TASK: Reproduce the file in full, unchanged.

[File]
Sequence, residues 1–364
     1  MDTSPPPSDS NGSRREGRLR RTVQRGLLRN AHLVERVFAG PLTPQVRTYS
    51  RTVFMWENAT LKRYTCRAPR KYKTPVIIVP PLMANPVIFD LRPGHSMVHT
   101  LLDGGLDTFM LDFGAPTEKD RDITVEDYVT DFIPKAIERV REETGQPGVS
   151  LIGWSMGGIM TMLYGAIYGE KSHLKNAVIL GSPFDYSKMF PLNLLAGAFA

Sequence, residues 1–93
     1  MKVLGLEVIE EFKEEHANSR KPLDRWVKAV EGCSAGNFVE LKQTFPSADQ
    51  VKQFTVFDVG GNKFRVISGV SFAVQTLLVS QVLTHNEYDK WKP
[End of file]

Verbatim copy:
Sequence, residues 1–364
     1  MDTSPPPSDS NGSRREGRLR RTVQRGLLRN AHLVERVFAG PLTPQVRTYS
    51  RTVFMWENAT LKRYTCRAPR KYKTPVIIVP PLMANPVIFD LRPGHSMVHT
   101  LLDGGLDTFM LDFGAPTEKD RDITVEDYVT DFIPKAIERV REETGQPGVS
   151  LIGWSMGGIM TMLYGAIYGE KSHLKNAVIL GSPFDYSKMF PLNLLAGAFA

Sequence, residues 1–93
     1  MKVLGLEVIE EFKEEHANSR KPLDRWVKAV EGCSAGNFVE LKQTFPSADQ
    51  VKQFTVFDVG GNKFRVISGV SFAVQTLLVS QVLTHNEYDK WKP